Author(s): Rossi R, Nuzzo A, Iaccarino D, Lattanzi A, Origliani G,
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Abstract INTRODUCTION: Endothelial dysfunction is a well-demonstrated independent predictor of cardiovascular events in hypertensive postmenopausal women. Accordingly, it is plausible that improving endothelial function could represent an adjunctive target for antihypertensive treatment. The aim of our study was to evaluate the effect of pharmacologic treatment on endothelial function in the specific population of hypertensive postmenopausal women. METHODS: A total of 320 consecutive hypertensive postmenopausal women underwent a high-resolution ultrasound study of the brachial artery at baseline and after six months, while 'optimal' control of blood pressure (maintenance of blood pressure values below 140/90 mmHg at all follow-up visits) was achieved using antihypertensive therapy. Endothelial function was measured as flow-mediated dilation, using ultrasound method. RESULTS: After six months of treatment, flow-mediated dilatation (FMD) had significantly improved in the majority of patients (n = 257 [80.3\% of the entire population]; FMD = 8.1 ± 1.0\% at baseline vs. 10.6 ± 1.5\% after follow-up; p < 0.001), but it had not changed or worsened in others (n = 63 [19.7\%]; FMD = 8.2 ± 1.2\% at baseline vs. 7.6 ± 1.0\% after six months; p = ns). Improvement of endothelial function, at multivariate analysis, resulted independently associated with the use of aldosterone inhibitors (odds ratio = 2.15; 95\% confidence interval: 1.55-2.75; p = 0.001). CONCLUSIONS: This study demonstrates that a significant improvement in endothelial function may be obtained after six months of an optimal antihypertensive therapy. Among all hypertensive postmenopausal women that achieved an optimal control of blood pressure during follow-up, the use of drugs that inhibit aldosterone receptors was associated with an improvement of endothelial function, beyond the 'optimal' blood pressure control.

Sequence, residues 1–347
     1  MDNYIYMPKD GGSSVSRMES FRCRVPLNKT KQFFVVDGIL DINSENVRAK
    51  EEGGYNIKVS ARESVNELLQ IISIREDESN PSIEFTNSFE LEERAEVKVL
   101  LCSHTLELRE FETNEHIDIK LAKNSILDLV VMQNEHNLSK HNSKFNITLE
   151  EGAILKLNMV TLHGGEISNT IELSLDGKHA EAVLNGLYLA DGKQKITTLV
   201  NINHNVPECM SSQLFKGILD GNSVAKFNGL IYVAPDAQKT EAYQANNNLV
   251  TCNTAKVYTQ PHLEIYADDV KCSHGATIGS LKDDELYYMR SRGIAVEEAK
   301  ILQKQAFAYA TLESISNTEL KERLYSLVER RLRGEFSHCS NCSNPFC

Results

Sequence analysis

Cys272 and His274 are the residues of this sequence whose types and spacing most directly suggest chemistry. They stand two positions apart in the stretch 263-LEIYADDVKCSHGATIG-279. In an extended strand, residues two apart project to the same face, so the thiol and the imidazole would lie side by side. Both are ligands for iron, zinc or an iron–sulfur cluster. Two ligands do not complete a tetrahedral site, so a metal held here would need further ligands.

This article was published in J Renin Angiotensin Aldosterone Syst
and referenced in Journal of Antivirals & Antiretrovirals